In 2008 dairy cull cows accounted for 8% of all cattle harvested (excluding veal) at federally inspected plants. While dairy cull cows are a small part of total beef production, they carry a heavy burden — accounting for 90% of cattle residue violations (excluding veal) from inspector generated samples.
National Agriculture Statistics Service data indicates that in 2008 33,805,100 cattle (excluding veal) were slaughtered in federally inspected plants. Of those, 879 suspect cattle tested positive for a violative chemical residue (0.003% of cattle slaughtered). The distressing part of this data is that 791 of the positive cattle were dairy cull cows (90% of suspect cattle that tested positive for a chemical residue violation at slaughter).
Violative residues were detected in 0.03% of all dairy cows slaughtered. In comparison, violative residues were detected in 0.001% of all beef cows slaughtered. So, while the percentage of violative residues detected in harvested dairy cows appears to be small, it is 30 times greater than the percentage of violative residues detected in harvested beef cows (numbers adapted from USDA 2008 National Residue Program data).
Legislators are taking notice
Issues that affect the quality and safety of beef that originates from cull dairy cattle are an on-going concern for the beef industry. Any level of violative residue is unacceptable in the food industry.
Legislation is being considered in Washington, D.C. that would withdraw the routine use of seven classes of antibiotics from food animal production unless animals or herds are sick or unless drug companies can prove that their use does not harm human health. The Preservation of Antibiotics for Medical Treatment Act of 2009 has support of the American Medical Association, the American Public Health Association, the Infectious Diseases Society of America, the American Academy of Pediatrics and some 350 other organizations. The American Veterinary Medical Association, the American Association of Bovine Practitioners, the Academy of Veterinary Consultants and the American Association of Swine Veterinarians oppose the proposed legislation.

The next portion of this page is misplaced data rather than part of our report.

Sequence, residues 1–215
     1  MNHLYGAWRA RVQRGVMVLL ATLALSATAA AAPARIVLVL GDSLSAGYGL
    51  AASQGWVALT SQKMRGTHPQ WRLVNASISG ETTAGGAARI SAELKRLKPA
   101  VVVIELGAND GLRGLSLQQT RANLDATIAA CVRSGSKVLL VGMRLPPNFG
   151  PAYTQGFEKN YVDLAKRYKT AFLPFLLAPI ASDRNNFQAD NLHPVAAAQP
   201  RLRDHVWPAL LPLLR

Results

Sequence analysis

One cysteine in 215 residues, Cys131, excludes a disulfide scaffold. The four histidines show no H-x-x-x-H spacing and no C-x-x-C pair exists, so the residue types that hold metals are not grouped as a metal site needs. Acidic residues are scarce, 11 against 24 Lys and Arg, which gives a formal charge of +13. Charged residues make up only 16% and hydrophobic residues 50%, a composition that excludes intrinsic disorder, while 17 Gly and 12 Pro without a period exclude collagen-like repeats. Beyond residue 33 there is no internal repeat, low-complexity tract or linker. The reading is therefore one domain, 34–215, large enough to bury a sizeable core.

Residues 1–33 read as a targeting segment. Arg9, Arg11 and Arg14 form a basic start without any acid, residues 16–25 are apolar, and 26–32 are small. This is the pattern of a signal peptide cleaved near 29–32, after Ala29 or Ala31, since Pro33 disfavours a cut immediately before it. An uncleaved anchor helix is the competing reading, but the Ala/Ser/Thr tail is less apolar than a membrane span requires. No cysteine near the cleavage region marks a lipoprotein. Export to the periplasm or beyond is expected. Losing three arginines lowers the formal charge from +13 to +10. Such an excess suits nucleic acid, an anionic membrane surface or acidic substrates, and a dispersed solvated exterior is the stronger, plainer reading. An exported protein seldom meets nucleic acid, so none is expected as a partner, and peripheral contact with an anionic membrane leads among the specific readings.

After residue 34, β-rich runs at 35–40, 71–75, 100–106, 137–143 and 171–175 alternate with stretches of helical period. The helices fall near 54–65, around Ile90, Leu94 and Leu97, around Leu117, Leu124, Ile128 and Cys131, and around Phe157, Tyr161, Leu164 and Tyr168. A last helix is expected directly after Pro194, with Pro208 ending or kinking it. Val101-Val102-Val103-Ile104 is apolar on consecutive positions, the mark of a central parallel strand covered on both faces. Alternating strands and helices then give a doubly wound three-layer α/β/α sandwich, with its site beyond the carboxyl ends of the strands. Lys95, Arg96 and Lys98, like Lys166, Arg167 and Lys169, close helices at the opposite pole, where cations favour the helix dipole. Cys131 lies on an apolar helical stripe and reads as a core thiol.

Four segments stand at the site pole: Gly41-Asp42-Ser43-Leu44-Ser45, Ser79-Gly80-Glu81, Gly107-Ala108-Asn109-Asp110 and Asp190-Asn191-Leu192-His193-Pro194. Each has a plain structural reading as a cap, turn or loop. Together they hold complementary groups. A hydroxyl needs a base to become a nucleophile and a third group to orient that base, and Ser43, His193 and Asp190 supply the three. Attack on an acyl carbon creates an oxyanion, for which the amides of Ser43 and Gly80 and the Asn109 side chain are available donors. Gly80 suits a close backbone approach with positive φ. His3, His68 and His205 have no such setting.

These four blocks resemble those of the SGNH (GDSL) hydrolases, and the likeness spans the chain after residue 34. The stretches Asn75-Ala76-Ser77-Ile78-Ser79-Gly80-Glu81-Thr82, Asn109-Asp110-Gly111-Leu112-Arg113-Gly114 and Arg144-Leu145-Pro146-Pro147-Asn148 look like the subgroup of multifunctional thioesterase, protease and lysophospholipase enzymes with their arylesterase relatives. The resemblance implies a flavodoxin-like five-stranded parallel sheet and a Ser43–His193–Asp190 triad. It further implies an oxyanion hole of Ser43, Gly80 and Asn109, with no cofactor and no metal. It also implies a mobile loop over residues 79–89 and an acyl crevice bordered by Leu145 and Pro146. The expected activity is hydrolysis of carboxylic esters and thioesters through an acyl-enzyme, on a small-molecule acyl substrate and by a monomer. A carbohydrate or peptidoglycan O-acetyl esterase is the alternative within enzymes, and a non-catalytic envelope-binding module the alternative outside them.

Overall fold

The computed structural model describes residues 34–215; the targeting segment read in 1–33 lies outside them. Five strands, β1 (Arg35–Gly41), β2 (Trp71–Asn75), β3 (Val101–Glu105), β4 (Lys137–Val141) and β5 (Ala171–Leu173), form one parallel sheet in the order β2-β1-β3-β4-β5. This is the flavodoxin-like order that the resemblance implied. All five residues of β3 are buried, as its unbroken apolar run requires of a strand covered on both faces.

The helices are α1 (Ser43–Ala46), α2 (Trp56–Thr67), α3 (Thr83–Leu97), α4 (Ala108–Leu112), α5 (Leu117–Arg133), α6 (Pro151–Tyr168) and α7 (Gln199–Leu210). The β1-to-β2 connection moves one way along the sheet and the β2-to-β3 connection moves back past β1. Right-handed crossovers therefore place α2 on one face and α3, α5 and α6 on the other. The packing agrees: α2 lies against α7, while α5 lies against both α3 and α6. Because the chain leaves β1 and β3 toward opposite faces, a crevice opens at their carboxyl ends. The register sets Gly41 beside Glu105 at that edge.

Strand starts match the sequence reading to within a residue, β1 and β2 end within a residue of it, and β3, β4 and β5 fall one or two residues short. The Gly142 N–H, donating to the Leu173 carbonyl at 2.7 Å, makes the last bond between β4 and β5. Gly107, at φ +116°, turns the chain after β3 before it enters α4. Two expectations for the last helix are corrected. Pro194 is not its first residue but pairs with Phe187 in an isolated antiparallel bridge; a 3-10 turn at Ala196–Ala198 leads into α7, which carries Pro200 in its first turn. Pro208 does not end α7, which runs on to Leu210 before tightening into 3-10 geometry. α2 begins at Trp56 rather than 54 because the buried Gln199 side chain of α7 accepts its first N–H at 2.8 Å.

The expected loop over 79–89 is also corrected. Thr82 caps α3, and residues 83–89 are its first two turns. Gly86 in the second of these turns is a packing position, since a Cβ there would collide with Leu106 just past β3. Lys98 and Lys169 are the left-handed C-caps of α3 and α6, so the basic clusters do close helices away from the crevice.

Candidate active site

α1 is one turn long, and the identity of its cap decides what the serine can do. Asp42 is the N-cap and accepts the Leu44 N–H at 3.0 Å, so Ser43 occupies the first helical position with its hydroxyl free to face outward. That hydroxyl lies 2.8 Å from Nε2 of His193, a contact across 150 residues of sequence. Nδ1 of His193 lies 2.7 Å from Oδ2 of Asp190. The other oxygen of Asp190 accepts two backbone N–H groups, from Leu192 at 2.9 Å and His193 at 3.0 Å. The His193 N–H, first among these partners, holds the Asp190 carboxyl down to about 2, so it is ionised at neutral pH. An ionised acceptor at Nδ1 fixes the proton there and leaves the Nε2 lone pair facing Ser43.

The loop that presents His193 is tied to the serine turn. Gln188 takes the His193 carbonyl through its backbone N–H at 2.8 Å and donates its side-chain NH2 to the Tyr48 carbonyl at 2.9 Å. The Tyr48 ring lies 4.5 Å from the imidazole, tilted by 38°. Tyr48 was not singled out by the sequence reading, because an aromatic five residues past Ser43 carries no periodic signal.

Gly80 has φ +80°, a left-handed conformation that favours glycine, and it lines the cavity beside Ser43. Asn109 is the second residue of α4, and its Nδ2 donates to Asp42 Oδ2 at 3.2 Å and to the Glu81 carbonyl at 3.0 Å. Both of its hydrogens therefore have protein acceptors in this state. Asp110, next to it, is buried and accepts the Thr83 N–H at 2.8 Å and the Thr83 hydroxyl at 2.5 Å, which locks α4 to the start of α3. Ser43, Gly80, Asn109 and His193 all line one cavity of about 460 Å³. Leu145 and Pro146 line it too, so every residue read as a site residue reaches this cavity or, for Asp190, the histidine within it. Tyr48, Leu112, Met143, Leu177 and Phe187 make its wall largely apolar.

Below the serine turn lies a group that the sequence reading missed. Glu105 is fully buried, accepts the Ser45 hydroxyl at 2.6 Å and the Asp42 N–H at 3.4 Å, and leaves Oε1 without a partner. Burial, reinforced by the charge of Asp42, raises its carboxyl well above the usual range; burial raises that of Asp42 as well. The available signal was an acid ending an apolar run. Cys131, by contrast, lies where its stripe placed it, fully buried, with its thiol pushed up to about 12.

Legislative attempts to severely restrict or eliminate the use of antimicrobials in livestock are not the answer to these issues. Antimicrobials and other pharmaceuticals are an important tool in the production of safe and wholesome food such as beef. Restricting the use of these important tools has the potential for negative effects on animal health and welfare as well as human health.
Mastitis, followed by reproductive disease and lameness are the three most common diseases for which antibiotic treatments are used on dairy operations, according to the National Animal Health Monitoring System Dairy 2007 study. The report indicates that cephalosporin was the most common type of antibiotic used by operations to treat all diseases, while B-lactam antibiotics, such as penicillin, were the second most common type of antibiotic used to treat mastitis and reproductive diseases, and the third most common type of antibiotic used to treat lameness. This usage mirrors antibiotic residue data reported by federal inspectors using on-site antibiotic residue testing, in which penicillin was identified as the most common violative residue detected in dairy cull cows according to the USDA.
Causes of antibiotic residues
Common situations leading to unintentional misuse of antibiotics may include insufficient knowledge about drug withdrawal periods, employee error, insufficient treatment records, poor identification of treated animals, and inadequate communication between veterinarian and producer.
A recent survey of antibiotic use and biosecurity practices among Washington state dairy producers and published in a 2006 Journal of Dairy Science highlights many of these underlying gaps. Out of 381 respondents, less than one-third had written protocols for diagnosing or treating common medical conditions. Most agreed that such protocols could reduce errors and production losses.